-1
$\begingroup$

I can solve the following limit: \begin{align} &\lim_{x\to 0}\frac { x(4+x) } { x(x^2+x(C_1+4)+C_2) }\\ &= \lim_{x\to 0}\frac { 4+x } { x^2+x(C_1+4)+C_2 }= \frac{4}{C_2} \end{align} So far so good. But why is the following method wrong (factoring out $x$ in the numerator and denominator)? \begin{align} &\lim_{x\to 0}\frac { x(4+x) } { x(x^2+x(C_1+4)+C_2) }\\ &= \lim_{x\to 0}\frac { x^2(\frac{4}{x}+1) } { x^2(x+C_1+4+\frac{C_2}{x})} \\ &= \lim_{x\to 0}\frac { \frac{4}{x}+1 } { x+C_1+4+\frac{C_2}{x} }\\ &\quad \to \frac{\frac{4}{0}+1}{0+C_1+4+\frac{C_2}{0}}\\ &\quad\to \frac{\infty+1}{0+C_1+4+\infty} \to \frac{\infty}{\infty} \quad \text{indeterminate} \end{align}

$\endgroup$
  • 8
    $\begingroup$ You actually wrote $\frac40\ldots$! $\endgroup$ – Lord Shark the Unknown Sep 15 '18 at 18:18
  • $\begingroup$ You're right that the result is indeterminate. But, this doesn't mean that you don't get $\frac{4}{C_2}$. You don't stop when you get an indeterminate form. Instead, you have to do some work (such as l'Hopital's rule) to evaluate the limit. $\endgroup$ – Michael Burr Sep 15 '18 at 18:26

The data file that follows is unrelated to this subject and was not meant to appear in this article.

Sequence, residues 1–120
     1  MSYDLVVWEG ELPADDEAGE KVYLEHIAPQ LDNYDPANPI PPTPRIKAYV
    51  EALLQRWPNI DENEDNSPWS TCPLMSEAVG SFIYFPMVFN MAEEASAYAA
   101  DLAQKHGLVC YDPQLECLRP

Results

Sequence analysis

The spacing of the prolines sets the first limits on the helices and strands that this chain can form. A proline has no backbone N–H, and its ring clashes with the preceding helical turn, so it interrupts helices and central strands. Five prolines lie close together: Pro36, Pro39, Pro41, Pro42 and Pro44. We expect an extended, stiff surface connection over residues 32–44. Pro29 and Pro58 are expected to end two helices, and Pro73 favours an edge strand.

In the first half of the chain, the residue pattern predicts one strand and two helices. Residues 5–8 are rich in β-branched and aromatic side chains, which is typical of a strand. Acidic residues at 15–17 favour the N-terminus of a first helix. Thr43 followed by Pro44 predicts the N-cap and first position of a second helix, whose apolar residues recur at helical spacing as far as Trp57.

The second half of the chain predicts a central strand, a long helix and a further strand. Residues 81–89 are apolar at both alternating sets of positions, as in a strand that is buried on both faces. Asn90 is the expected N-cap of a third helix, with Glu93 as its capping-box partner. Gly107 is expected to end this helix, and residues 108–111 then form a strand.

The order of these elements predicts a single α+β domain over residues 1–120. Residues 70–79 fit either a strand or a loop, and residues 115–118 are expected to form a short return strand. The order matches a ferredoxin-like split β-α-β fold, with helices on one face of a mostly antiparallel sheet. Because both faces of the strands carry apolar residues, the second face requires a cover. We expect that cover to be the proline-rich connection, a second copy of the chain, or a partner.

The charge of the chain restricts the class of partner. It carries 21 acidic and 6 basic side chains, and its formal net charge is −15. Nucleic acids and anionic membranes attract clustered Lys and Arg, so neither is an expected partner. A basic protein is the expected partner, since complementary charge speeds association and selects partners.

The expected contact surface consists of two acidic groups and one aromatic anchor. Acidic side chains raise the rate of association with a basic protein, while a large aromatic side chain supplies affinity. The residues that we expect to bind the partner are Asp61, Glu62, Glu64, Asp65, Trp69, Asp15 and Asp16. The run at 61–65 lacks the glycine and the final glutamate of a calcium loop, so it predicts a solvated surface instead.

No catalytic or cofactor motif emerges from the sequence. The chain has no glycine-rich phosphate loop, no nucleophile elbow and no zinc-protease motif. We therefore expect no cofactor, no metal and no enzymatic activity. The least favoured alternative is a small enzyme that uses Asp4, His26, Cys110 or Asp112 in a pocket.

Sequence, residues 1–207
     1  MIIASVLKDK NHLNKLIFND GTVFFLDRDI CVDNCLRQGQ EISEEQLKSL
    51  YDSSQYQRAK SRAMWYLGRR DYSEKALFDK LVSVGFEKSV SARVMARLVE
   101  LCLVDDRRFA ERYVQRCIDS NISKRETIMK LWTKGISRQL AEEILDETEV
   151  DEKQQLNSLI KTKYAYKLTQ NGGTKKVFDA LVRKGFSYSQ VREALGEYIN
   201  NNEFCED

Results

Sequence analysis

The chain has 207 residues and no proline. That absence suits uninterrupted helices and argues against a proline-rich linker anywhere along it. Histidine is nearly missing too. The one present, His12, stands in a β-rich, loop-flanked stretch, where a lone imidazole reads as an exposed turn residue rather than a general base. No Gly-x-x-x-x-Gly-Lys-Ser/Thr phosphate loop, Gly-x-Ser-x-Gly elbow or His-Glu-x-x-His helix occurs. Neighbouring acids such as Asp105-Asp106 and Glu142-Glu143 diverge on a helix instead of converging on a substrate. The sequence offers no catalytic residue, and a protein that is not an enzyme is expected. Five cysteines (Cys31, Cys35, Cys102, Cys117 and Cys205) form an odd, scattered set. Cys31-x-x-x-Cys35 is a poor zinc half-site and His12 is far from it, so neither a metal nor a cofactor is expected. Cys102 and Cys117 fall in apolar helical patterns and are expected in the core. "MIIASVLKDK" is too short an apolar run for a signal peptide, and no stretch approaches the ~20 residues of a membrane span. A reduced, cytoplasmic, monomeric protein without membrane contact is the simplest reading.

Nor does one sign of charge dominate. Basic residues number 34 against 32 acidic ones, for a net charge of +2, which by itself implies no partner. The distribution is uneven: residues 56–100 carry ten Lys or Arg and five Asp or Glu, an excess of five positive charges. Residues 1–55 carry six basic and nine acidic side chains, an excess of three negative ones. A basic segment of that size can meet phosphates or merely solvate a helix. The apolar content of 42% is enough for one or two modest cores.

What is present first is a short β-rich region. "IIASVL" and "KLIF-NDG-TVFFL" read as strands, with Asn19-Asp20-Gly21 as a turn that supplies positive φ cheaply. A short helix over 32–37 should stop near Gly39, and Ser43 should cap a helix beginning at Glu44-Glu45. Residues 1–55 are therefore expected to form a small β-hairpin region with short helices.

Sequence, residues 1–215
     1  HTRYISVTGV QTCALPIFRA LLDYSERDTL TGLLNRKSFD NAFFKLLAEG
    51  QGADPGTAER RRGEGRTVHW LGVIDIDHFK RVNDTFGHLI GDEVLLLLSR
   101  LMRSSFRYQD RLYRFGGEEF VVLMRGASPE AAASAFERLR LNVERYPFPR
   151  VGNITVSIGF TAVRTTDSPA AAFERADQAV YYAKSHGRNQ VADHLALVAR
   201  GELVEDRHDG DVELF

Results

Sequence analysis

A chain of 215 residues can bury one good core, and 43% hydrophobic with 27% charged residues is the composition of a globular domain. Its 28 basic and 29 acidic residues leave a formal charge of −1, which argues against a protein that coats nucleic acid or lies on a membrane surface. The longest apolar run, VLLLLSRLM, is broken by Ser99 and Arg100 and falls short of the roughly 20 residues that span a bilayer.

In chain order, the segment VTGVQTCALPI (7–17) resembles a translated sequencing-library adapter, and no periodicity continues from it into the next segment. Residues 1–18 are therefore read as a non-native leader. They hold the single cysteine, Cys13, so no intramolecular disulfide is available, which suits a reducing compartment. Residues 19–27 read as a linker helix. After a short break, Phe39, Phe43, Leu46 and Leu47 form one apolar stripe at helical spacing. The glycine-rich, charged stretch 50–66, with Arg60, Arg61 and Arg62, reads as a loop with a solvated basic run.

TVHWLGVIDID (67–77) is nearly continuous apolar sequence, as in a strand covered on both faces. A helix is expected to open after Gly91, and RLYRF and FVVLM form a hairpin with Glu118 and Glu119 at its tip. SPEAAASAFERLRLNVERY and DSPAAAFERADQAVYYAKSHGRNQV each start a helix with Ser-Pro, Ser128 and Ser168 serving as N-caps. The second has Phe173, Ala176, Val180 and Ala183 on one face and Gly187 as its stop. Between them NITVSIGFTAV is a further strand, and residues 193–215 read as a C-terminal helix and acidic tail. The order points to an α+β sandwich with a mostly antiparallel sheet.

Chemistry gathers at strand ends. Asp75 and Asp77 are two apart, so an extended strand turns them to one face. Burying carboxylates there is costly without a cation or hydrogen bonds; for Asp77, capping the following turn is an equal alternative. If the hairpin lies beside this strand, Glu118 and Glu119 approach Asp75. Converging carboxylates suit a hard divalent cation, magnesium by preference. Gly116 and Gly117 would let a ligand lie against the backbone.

• $\begingroup$ Apart from the question posed, I think the exercise expects you to find the limits when $C_2\neq 0$ and $C_2=0,C_1\neq-4$ and $C_2=0,C_1=-4$, not just assuming the one case where $C_2$ is non zero. $\endgroup$ – zwim Sep 15 '18 at 20:06
1
$\begingroup$

If you invoke the property that limit of product is the product of limits you need both limits to be finite (and exist obviously).

In the expression $$\lim_{x\to 0}\frac { \frac{4}{x}+1 } { x+C_1+4+\frac{C_2}{x} } $$ neither the limit of numerator nor denominator exist. (your wrote $\infty$ , but remember it could also be that $x\to 0-$)

$\endgroup$

Your Answer

By clicking “Post Your Answer”, you agree to our terms of service, privacy policy and cookie policy

Not the answer you're looking for? Browse other questions tagged or ask your own question.